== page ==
S’forno, a medieval commentator, paraphrases God’s instruction: “From here forward, the months shall be yours, to do with them as you wish. But, in the days of enslavement, your days weren’t your own, but were for the service of others and their desire. Therefore, ‘it is the first for you of the months of the year’–for in it, your ‘discretionary existence’ began.” S’forno is emphasizing the elements of choice, independence, and freedom. He understands that God is saying, “Your time is now your own.” Freedom begins with being able to order and define your own reality. Control of your calendar can have a profound effect on that sense of freedom. This is not just a technical change of using a new system of dates. God is offering the gift of a completely new orientation to time as something personal, intimate, free. “It’s your to do with as you wish.” You can now begin participating in the redemptive process, breaking free from the yoke of oppression. Your oppressor will no longer define you. Through your control of your sense of time, you will begin to construct your own freedom.

What comes immediately after this commandment? God shifts from speaking only to Moses and Aaron and now gives the two brothers instructions of what to actually tell the Israelites. What is the first thing the people will all hear regarding this month? “On the tenth of this month, they shall take for themselves (lahem)–each person–a lamb for his household, . . . a lamb for his house” (Ex. 12:3). When Moses and Aaron deliver these words to the Israelites, presumably they will change lahem (“for them”) into the second person plural, lachem (“for you”), reintroducing this same word that carries the message of freedom.

The Israelites will begin to learn the importance of their taking possession of something for themselves. This process begins with the ownership of time, but the first piece of information the Israelites hear as a whole is much more practical, more tangible. You will take a thing into your possession, a lamb. Why not “time?” Although God had shared this concept with Moses and Aaron, this idea is still too abstract for a slave mentality. The Israelites are like children. They’ll need some “time” to absorb those more complex ideas–they need to start with more concrete actions. Note that the lahem in verse 3 is superfluous. God doesn’t need to say, “they shall take for themselves, each person, a lamb.” The text could just as easily have read, “They shall each take a lamb.”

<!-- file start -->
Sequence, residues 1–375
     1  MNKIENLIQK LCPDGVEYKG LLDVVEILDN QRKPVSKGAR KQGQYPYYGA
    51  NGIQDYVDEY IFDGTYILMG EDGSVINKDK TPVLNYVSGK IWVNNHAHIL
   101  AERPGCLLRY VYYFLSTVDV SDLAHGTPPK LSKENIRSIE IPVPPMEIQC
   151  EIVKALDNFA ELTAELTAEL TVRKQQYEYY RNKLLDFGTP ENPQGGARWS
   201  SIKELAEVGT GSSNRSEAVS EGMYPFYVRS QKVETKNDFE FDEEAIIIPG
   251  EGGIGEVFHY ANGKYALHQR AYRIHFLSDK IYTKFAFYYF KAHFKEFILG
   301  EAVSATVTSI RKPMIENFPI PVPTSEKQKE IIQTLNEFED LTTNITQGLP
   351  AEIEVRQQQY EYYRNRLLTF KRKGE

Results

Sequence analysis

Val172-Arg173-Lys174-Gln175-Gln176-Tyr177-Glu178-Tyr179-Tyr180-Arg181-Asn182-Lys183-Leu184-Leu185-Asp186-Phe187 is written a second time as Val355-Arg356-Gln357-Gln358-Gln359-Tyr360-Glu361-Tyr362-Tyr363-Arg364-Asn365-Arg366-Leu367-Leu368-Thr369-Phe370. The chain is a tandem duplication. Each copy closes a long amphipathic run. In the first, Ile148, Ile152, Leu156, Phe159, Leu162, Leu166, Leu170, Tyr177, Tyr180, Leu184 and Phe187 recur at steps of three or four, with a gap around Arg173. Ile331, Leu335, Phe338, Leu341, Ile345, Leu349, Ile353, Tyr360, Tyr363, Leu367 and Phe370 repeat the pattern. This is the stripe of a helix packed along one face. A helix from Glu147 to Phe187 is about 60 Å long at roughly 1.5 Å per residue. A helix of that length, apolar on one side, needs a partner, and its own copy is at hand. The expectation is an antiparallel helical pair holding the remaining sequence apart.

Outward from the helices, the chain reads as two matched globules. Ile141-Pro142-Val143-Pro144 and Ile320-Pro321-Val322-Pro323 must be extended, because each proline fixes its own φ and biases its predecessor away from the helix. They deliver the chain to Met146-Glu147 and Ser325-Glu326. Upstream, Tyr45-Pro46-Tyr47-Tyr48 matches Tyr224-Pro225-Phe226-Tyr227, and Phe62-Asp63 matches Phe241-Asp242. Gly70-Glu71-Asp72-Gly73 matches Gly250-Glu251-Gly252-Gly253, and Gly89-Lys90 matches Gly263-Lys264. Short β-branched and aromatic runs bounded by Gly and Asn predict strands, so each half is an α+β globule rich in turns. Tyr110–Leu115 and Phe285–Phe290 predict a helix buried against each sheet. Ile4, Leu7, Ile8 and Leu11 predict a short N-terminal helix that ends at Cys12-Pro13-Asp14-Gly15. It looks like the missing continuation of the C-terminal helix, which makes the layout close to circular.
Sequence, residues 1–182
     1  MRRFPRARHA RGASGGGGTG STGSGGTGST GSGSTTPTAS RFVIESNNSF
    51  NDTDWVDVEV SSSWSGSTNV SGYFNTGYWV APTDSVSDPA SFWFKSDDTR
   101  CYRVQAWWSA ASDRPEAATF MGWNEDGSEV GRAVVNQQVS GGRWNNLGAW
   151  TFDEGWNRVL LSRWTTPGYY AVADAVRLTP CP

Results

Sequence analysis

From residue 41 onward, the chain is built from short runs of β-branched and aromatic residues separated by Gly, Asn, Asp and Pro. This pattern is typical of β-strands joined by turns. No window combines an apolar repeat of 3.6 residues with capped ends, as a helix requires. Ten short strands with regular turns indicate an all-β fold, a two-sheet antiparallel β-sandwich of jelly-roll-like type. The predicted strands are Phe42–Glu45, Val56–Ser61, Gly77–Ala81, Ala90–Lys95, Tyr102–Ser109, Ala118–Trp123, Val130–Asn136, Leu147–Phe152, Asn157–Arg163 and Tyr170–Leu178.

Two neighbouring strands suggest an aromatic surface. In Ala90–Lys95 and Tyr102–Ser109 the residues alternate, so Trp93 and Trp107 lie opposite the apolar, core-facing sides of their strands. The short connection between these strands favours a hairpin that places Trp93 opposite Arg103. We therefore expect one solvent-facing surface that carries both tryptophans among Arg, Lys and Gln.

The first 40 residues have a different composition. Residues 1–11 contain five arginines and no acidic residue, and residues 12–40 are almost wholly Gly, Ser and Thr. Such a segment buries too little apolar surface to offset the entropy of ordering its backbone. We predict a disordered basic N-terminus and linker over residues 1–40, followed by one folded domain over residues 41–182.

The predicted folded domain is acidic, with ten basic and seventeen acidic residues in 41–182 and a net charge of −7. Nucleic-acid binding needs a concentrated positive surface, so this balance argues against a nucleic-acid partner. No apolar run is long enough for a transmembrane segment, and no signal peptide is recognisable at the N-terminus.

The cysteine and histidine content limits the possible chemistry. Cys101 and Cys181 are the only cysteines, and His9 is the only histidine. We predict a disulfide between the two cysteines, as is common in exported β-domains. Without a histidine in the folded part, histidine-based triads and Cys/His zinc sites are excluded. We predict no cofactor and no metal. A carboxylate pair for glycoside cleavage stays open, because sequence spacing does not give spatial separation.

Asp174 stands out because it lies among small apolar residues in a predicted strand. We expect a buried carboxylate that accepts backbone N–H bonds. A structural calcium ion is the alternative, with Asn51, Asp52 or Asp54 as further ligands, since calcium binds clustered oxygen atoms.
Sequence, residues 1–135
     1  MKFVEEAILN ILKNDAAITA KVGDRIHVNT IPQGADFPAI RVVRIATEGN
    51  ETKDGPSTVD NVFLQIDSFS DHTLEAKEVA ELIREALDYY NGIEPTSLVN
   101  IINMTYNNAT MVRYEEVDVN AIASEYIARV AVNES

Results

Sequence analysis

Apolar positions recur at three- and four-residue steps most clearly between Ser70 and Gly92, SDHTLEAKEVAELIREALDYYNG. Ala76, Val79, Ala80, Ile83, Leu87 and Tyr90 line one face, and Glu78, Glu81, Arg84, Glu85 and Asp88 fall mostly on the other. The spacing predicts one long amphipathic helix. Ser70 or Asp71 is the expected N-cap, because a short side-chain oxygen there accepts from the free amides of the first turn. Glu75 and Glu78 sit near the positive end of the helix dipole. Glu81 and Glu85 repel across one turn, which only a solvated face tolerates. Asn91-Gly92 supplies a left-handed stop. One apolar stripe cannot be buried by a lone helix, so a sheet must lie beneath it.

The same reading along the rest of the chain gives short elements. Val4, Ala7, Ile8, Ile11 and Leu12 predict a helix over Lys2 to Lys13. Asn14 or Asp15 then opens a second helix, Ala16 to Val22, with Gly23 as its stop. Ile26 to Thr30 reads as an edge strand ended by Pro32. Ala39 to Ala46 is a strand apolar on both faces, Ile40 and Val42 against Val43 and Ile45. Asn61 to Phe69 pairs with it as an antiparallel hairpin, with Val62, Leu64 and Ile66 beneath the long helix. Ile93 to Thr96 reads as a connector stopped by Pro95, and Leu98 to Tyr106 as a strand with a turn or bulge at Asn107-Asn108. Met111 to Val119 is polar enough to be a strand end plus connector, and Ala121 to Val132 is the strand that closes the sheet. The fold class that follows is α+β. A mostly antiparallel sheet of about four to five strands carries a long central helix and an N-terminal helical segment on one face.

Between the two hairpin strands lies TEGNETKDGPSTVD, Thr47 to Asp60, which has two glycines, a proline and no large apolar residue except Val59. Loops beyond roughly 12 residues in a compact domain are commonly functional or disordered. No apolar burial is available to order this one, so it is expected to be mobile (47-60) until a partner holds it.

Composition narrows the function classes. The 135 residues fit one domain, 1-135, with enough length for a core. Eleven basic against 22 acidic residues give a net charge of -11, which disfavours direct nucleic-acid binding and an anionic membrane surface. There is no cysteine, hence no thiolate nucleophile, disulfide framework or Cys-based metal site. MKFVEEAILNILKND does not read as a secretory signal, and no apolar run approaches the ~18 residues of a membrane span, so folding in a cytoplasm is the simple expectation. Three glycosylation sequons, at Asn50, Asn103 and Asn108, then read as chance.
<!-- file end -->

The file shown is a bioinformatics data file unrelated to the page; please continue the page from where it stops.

Why the addition? This is the first commandment being prescribed to the Israelite nation as a whole. This begins their relationship with God as a commander. This begins the end of their subjugation to human taskmasters and enslavers. They now have the opportunity to begin to act in service of God and holiness, rather than–as S’forno said–the whim of other human beings. And if we read Sforno’s interpretation closely, we can understand that God is giving the Israelites the opportunity to make this action personal. Presumably, God is allowing for them to decide even if they will do it or not.

This is the beginning of freedom, and the Israelites’ relationship with God, even though based on commandment, will also be based on the recognition of free will, of human autonomy–something that they have not experienced under Egyptian rule. Lahem (“for themselves”) highlights this idea. We can compare it to the use of the possessive in some more famous Biblical passages, most notably when God says to Abraham, “Lech l’cha–go to a place that I will show you.” The l’cha is superfluous. God can just say Lech (“Go”). But God says, “Get yourself to a place that I will show you,” or as some creative interpretations put it, “Go into yourself.” There is an experience of self-affirmation, followed by deeper self-discovery, when God frames commandments in this possessive way. The Israelites, like Abraham was, are about to begin a journey of self-actualization.

It is fitting that this Shabbat and our reading about the Israelites’ empowerment to take ownership of their freedom falls right before we observe Martin Luther King, Jr. Day. The ideal of self-actualization was central to Dr. King’s vision of completely throwing off the shackles of oppression. May we all continue to find the ways to make freedom truly our own, to grasp it in its tangible forms, and to commit ourselves to being active players in the redemptive process–for ourselves and for others.